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Four common fears about asking for help — and how to move past them

Blythe Landry Guidance

Help. A word with so many colors and connotations that it would require way too many posts to identify and explain them all. For our purposes, let’s say that by “help” I am referring to what it means to ask for professional help when you are in pain, in crisis, or otherwise lost and don’t know where else to go.

In some cultures or families it is considered a sign of weakness, even lethal, to ask for professional help – a sign that you are betraying your family secrets, or worse, your family members. In some family systems, secrets are lauded as “sacred” and not to be discussed amidst the chosen members. In others, secrets are betrayed and boundaries are violated. In those families there is no safe space to share and no personal pain left un-gossiped about. In some families, there is a framework of busy-ness In these homes, everyone remains so active and productive that nobody has a moment to breathe, let alone feel an emotion other than “overdrive.” And in other families still, there is only the allowance for achievement – the mentality of “best (wo)man wins” leaves anyone who is in emotional pain to hide out under the covers or find an external talent that will validate them into feeling less of their loneliness, isolation and pain.

No matter which family system you fall within, if you fall into any of the family archetypes listed above, then it is highly likely you have grave challenges asking for and/or receiving help.

A great friend of mine always says the following, “Blythe, receiving is the advanced class.” And after years of working on my own challenges around asking for and allowing help, this finally makes sense to me. There is something universally sacred and inherently spiritual about putting a piece of one’s story – one’s life – in another person’s proverbial arms and allowing the emotions and the responsiveness to land where they may. It is certainly a gift to the receiver but ultimately, when in good professional hands, the gift is then returned back to the person asking for help in the way of emotional freedom, clarity and even peace.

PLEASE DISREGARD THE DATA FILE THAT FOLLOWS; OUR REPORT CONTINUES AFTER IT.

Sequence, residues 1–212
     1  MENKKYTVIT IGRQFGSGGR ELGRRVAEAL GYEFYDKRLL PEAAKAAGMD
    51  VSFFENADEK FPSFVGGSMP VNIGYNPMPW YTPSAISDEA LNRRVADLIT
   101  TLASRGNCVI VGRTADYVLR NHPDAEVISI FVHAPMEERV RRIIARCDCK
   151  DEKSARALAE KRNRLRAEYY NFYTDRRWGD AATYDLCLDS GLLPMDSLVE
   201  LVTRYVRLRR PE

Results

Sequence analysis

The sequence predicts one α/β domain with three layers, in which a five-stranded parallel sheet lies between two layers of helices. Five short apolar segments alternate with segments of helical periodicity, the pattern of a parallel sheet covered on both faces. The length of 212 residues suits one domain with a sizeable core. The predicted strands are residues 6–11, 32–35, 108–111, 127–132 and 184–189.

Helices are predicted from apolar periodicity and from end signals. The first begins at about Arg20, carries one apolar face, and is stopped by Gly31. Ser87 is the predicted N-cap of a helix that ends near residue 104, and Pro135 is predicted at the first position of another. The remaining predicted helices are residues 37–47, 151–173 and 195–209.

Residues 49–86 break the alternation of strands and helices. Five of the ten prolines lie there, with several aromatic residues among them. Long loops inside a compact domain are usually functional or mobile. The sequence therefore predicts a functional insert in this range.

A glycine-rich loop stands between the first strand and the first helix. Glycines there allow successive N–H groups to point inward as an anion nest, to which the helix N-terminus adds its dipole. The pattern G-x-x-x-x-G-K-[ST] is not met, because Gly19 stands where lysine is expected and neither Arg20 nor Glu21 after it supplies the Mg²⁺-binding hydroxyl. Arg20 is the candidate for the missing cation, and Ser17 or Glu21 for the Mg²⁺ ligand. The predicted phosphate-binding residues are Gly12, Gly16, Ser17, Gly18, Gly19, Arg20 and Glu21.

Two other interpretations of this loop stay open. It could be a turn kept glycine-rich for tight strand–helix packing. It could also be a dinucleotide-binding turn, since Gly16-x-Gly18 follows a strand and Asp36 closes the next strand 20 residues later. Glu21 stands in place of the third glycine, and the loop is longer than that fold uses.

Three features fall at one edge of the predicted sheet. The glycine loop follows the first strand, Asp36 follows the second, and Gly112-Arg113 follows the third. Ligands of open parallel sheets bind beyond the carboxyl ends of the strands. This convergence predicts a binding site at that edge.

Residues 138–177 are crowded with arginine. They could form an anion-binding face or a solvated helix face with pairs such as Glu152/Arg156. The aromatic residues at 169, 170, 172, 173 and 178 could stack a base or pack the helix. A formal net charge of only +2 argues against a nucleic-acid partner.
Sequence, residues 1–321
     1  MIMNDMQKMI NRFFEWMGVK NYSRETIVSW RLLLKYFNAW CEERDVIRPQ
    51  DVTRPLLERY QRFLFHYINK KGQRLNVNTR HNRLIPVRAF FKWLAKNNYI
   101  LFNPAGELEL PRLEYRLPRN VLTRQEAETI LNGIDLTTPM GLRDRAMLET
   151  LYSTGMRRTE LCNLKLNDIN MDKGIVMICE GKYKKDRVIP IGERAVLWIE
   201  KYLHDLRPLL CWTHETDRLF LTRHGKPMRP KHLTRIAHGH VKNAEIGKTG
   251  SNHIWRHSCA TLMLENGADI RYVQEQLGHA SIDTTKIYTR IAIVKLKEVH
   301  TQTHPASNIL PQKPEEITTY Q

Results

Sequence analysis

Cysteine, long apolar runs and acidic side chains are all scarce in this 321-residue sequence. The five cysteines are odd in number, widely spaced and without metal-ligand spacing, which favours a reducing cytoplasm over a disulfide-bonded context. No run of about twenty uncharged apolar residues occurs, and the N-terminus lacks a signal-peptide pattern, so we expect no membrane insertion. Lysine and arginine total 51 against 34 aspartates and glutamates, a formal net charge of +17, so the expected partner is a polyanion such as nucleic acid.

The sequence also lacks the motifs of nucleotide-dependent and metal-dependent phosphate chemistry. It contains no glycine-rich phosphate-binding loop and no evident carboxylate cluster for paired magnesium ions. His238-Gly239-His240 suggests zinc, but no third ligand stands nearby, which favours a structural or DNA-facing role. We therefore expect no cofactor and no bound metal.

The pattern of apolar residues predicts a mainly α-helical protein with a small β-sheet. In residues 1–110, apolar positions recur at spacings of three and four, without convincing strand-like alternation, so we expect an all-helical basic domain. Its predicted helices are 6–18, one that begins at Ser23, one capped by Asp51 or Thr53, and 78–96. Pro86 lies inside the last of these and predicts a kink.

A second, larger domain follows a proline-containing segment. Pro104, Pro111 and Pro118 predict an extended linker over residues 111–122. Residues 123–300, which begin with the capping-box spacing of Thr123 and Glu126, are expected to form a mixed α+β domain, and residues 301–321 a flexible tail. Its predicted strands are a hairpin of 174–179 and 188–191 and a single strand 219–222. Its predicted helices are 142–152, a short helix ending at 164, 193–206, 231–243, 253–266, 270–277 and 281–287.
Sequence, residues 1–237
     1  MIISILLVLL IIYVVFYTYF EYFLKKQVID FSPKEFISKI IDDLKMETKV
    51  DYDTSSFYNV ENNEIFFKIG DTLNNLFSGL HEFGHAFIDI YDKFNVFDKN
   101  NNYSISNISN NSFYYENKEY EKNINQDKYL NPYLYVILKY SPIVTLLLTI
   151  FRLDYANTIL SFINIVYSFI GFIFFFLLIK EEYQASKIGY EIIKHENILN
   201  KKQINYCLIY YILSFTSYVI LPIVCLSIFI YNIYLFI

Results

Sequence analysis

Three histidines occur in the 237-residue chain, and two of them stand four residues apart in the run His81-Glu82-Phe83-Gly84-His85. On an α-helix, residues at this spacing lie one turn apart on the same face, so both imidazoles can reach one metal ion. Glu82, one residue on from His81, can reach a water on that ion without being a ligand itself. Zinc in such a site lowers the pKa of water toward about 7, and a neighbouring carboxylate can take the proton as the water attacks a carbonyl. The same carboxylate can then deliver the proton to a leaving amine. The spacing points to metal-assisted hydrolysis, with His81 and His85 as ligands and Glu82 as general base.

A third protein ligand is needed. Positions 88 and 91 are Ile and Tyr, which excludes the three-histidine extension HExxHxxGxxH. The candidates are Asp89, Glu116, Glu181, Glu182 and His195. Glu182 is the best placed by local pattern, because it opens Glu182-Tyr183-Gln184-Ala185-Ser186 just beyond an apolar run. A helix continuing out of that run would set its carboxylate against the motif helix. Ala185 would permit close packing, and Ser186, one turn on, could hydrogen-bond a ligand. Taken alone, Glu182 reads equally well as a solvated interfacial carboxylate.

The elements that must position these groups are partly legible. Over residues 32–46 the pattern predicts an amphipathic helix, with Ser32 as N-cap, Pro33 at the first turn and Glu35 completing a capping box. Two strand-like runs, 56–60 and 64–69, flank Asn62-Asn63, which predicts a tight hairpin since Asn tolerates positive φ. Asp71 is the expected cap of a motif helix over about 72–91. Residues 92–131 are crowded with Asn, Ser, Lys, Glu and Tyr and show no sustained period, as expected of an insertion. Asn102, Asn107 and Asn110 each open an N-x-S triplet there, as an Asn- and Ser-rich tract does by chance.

I know all of this sounds like I am suggesting that one should just be able to go out and receive graciously, ask for help with no qualms or fears and to just dive into that all important step NOW, but I don’t think that at all. I think asking for help is hard. If it were easier, we wouldn’t have so many broken-hearted, wounded people walking around our neighborhoods and workplaces. We wouldn’t have so many people hurting other people as a result of their own un-examined wounds. We wouldn’t have so many people feeling isolated and as though social media is their only source of human interaction. What I do know is this, that there are people out there, perhaps like yourself, who are ready and willing to take that next step and get the help you have most likely been needing for a long time. And if you fall into that category, but are just needing some guidance about how to move forward and break through your fears, you have come to the right place.

4 Common Fears About Asking For Help:

  1. Fear that my family and friends will find out I’m broken and they won’t love me anymore.

One of the common fears around asking for help is that those we love the most will find out we aren’t perfect and somehow abandon us or fail to love us anymore. While this is something that almost never happens, it is a fear that makes complete sense given what messages we have learned in our earlier years about asking for help. Many of us walk around with partial truths and half-masks – only showing certain parts of ourselves to certain people and compartmentalizing ourselves to avoid perceived rejections. How utterly exhausting! What many of us DON’T think about, however, is that the people around us are most likely walking around doing the same thing. The idea that should inherently be without flaw is not only an unachievable one, but also a self- defeating one. Think about it. If you continue to feed into the idea that those around you will only love you if you are perfect, this means that on some level, you are expecting the same of those around you as well. This is a tall order for yourself and others, and one that doesn’t enhance connections and relationships, but, rather, detracts from them. Imagine how much closer you would be to those you love the most if you were more honest with them about your struggles and allowed them to feel more open to being honest about theirs as well.